The latest in a long line of imposing Florida State big men, freshman John Butler is already showing his impressive upside.
Despite working in the industry for a decade, I brought my ten-year-old daughter to her first college basketball game last week: Sunday’s South Carolina vs. Florida State matchup in the No Room for Racism Classic in Rock Hill, S.C.
She was excited, ready to provide her full scouting report on every player. It only took two turns in the layup lines for her to become enamored by Florida State big man John Butler.
Getting the nod
Butler is a 7-1 freshman and native of Greenville, S.C., where he won a state championship his senior season at Christ Chapel. Sunday’s game was surely circled on the Butler family calendar: Not only is Butler a South Carolina native who was recruited by the state’s flagship school, but his parents attended the university as well.
Butler’s name was broadcast over the brand-new, state-of-the-art Rock Hill Sports and Events Center loudspeaker, marking Butler’s third consecutive start for the Seminoles.
“He moved into the starting lineup because I have confidence in him,” Florida State head coach Leonard Hamilton said. “The confidence that what you are seeing now, I think he could end up being a very special player.”
“Special” may just be the tip of the iceberg
Butler moves unlike most 7-footers. He has the lateral ability to move his feet with guards and the vertical pop and dexterity to go between his legs in the air while he dunks the basketball.
There were questions coming out of high school about his frame — he currently weighs 190 pounds — and the level of competition he played against AA South Carolina public school basketball. Rivals had Butler ranked No. 79 in the 2021 class.
Through his first nine games, Butler is scoring exactly 1 point per possession, which Synergy grades as ‘very good.’ In half-court sets, against man coverage, Butler is scoring 1.032 points per possession, an ‘excellent’ rating according to the software.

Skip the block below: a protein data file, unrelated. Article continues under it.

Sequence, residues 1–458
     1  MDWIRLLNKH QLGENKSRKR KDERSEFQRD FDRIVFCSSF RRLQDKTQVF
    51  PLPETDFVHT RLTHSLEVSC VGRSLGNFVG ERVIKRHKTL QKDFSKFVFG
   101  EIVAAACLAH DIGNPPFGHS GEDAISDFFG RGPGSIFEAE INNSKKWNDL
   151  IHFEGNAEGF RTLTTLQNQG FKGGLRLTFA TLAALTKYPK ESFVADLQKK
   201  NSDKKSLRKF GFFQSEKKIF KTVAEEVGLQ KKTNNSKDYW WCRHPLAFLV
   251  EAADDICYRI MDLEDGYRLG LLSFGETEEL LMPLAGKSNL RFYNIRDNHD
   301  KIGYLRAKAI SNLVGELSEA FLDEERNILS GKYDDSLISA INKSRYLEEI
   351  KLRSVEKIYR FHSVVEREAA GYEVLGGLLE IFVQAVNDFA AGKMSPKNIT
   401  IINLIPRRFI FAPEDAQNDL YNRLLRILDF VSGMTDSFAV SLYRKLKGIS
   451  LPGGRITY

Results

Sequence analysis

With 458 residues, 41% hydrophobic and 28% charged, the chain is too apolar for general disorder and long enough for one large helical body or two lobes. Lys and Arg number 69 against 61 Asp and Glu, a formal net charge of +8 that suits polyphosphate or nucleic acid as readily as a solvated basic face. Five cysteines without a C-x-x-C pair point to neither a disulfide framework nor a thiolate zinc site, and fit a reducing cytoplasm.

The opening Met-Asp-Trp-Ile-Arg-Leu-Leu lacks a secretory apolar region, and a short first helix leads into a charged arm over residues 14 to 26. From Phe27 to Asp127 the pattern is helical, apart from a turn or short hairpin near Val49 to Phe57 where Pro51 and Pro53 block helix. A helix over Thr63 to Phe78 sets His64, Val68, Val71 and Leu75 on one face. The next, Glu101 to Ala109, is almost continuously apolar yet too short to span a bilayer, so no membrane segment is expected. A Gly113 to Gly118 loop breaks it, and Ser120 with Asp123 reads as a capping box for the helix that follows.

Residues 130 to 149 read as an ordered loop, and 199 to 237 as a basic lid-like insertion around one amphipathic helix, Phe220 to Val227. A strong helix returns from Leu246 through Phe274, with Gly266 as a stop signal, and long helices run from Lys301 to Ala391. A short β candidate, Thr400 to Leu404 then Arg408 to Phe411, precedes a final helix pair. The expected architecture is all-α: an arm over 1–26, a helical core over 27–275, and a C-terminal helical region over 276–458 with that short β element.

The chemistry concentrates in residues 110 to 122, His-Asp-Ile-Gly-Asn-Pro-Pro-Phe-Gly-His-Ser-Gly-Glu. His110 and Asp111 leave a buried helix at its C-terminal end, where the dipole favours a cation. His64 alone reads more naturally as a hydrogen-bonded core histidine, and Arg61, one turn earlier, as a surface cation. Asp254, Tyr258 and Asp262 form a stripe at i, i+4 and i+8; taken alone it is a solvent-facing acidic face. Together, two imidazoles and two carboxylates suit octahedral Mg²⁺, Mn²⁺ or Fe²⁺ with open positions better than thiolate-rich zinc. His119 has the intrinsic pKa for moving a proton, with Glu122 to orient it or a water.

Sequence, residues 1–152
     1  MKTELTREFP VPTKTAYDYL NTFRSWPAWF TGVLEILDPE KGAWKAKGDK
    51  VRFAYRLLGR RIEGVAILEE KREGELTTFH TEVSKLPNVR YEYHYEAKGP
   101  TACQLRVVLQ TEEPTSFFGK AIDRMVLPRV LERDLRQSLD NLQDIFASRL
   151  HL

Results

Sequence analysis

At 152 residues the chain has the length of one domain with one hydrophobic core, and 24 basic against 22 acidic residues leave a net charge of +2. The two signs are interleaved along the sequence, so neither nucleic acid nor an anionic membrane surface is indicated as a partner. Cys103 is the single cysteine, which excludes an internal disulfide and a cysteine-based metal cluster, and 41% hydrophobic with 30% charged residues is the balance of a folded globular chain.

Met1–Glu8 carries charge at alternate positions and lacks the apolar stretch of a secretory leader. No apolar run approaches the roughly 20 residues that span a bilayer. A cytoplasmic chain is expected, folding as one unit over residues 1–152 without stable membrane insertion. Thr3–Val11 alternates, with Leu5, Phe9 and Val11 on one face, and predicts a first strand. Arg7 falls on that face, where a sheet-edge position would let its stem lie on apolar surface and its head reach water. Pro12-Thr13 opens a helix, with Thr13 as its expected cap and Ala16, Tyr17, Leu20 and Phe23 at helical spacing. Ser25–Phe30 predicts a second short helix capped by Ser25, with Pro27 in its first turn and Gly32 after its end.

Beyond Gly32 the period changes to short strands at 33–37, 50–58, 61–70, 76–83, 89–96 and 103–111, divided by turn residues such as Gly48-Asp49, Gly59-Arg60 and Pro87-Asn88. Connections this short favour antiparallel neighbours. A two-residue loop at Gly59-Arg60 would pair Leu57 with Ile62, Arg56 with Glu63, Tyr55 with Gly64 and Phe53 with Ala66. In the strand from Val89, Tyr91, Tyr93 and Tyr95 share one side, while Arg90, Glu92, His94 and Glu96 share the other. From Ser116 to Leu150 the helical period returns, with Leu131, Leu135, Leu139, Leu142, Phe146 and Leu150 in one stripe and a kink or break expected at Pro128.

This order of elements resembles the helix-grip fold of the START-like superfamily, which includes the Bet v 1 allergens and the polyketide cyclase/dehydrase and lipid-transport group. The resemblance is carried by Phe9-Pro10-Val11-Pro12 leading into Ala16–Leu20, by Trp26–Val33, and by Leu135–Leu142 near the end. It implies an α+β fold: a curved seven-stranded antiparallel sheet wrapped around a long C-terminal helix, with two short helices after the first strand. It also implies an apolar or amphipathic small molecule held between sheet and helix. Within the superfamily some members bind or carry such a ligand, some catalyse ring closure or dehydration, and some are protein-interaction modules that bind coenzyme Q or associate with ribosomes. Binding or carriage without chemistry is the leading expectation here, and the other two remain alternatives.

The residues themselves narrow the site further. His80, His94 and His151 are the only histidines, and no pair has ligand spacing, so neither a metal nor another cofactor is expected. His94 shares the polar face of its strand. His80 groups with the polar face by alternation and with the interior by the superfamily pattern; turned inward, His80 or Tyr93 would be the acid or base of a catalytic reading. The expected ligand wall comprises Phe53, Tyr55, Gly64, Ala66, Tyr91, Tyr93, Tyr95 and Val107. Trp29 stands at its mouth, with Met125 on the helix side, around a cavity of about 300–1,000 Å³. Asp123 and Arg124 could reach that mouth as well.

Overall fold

Breaking down his halfcourt possessions further, Butler shoots jumpers in 71.9 percent of his halfcourt possessions, scoring 1.087 points per possession. His other 28.1 percent of shots are around the basket, scoring 1.778 points per possession in these situations.
Butler joins Virginia Tech’s Sean Pedulla as the ACC’s only two freshmen with player efficiency ratings above 15 and usage rates below 20.
“The future is exceptionally bright for him,” Hamilton said. “His skill set is great. He is still adjusting, but he has a great attitude, and he wants to be good. Learning a different system, he has to bring the ball up the floor, make decisions on the fly with what we need to get into. He has made significant progress so far and continues to get better.”
Bringing the versatility
As one would assume, the lengthy and mobile center has high-level defensive upside. Synergy rates Butler’s overall defensive presence as ‘very good’ and his man-to-man defense as ‘excellent.’
“You have no idea how challenging it is for a 7-1 guy to go from what he did in high school to be put in a situation he is in now,” Hamilton said. “He is switching one through five; in a single possession he could be guarding the guard and the post.”
While Butler may have come out of high school ranked outside of the top 75, he has begun his college career firmly on the NBA Draft radar.
Florida State has produced six first-round NBA draft picks since 2016. When analyzing frontcourt players, NBA executives lean heavily towards floor spacing, switching, and rim protection. As such, Butler is taking 2.3 threes per game and he leads all ACC freshmen in block percentage.
“I think he could end up being very special. His best basketball is ahead of him,” Hamilton said.